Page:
There's been a lot of talk about the two Americas, health care for the poor, etc.
So today I looked up the federal poverty line for a family of 5 (since babies in utero count..)
Our taxable income puts us right on the line... (Our health insurance is 10,000 a year, but it comes out before taxes, so from a federal perspective that money doesn't really exist....)
So we're the poor? We have a house (a small one, but we're saving up to afford a bigger one), a minivan, a computer and Internet!
We never have to cut corners to pay the bills. We get the EIC, but we save it for emergencies (new hot water heater, etc.)
If it wasn't for our massive student loan debt (comes out after taxes) of close to $500 a month, we'd be living high on the hog! (definition: not shopping at Aldis except when we wanted to-- of course, technically we could meet the same goal by buying a big freezer and stocking up when Meijers had sales.... but we don't have room for a freezer.)
We have plenty to eat, our house is fairly warm in the winter (even the wealthy people in town have this problem-- 100 year old houses are poorly insulated...) I get to stay home with the kids, and my husband has a 40-hour work week with a month of vacation every year!
And we're poor... (just barely, but still...)
We have too many clothes and WAYYYYY too many toys. (And too many books, but we don't talk about that...)
But we also pay next to nothing in taxes. So a number of our "non-poor" friends actually have a HARDER time making ends meet than we do. Because their tax burden is so high, they actually have LESS DISPOSABLE INCOME than we do! And they work more hours. And have less vacation....
Which is why I tend to look askance at all the"two Americas" talk. Why would I vote for someone who wants to increase taxes and make it harder for my friends and family to get by just to give me a life that's even easier than the one I have now?
(I mean, sure, we only get to eat out 3-4 times a year - but eating at home is healthier anyway, and restaurants are often a bit of a let down. And we never go to the movies... but that's mostly a function of a house full of small children. "the rich" young families I know don't get out much either.....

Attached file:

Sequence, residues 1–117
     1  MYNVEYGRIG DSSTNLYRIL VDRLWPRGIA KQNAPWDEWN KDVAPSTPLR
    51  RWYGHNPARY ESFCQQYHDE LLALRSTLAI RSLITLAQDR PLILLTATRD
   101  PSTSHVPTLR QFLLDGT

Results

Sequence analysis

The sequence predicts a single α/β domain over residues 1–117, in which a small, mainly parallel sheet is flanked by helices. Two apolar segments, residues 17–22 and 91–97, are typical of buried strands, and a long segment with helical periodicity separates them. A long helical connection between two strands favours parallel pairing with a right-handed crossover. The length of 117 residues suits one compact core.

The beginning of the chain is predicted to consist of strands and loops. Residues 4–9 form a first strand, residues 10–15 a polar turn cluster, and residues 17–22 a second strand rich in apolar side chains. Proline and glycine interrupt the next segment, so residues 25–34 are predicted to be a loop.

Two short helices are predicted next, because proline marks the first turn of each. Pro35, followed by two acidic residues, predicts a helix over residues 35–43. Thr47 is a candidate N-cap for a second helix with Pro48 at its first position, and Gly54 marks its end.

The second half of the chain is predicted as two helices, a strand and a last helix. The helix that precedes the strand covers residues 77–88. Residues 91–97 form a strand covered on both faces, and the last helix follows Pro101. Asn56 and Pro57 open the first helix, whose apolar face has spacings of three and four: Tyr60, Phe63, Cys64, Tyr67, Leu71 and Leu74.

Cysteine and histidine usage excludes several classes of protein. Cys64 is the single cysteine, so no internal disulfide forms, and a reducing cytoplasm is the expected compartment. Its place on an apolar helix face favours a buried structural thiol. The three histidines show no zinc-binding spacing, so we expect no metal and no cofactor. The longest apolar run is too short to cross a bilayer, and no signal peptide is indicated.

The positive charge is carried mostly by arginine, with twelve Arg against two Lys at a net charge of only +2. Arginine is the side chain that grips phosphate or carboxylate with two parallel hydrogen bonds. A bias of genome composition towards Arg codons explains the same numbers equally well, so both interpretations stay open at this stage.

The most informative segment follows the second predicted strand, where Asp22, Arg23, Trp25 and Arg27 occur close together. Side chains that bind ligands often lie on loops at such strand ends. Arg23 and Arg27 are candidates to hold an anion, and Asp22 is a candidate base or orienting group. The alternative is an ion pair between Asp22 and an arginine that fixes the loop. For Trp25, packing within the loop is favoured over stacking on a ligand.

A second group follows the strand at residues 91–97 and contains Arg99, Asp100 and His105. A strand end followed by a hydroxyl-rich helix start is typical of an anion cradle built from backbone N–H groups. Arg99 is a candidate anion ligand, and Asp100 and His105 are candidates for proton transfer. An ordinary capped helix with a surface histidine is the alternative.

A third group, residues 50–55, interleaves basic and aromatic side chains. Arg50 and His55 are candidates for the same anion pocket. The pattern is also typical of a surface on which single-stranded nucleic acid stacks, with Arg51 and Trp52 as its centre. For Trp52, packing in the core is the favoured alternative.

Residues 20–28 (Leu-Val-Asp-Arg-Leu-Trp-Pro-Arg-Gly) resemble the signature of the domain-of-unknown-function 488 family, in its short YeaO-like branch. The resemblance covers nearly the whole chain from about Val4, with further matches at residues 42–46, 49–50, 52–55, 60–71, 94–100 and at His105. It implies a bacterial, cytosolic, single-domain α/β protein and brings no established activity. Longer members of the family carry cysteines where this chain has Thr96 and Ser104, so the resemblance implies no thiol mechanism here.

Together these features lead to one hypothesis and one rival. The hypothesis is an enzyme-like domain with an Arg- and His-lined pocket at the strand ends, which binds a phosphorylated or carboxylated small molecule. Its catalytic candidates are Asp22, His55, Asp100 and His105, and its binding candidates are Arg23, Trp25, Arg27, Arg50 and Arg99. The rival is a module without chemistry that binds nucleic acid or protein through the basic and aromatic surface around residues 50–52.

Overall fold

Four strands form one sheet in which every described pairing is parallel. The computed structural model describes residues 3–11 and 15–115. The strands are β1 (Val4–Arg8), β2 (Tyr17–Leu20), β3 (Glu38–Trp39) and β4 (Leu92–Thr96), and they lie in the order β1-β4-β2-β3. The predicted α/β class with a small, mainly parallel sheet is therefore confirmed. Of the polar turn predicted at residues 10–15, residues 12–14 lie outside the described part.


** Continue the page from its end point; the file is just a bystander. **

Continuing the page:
And we don't have cable. But we wouldn't anyway--we prefer DVDs.. the TV only gets used for Sesame Street and Caillou and severe thunderstorms... And we live walking distance from my husband's job and use cloth diapers and make our own bread and breastfeed-- But again, even if we were RICH we'd do all those things..... It's not just the money...)
And, we don't plan to stay "poor" forever.... so why would I vote for someone who wants to raise taxes on my future self?
Americans defined as poor don't vote against their own self-interest -- it's just that many politicians have never bothered to meet us and find out what our self-interest actually IS.
Anyway, enough political ranting for the day.... But really, if we REALLY want to help the poor, shouldn't we be helping the folks who have malaria and dysentery and regularly have to watch formerly healthy babies waste away and die before their eyes? But wait... those people aren't American so we don't care about them.....
(And yes, I know the US has one of the highest infant mortality rates in the world. Do you know why? Because babies who would be stillborn in most places actually get born here. And some of them are too sick to live very long... But our HEALTHY infant mortality rates are great......)
Anyway, I'll stop now. But I thought this article was pretty interesting: Poor Politics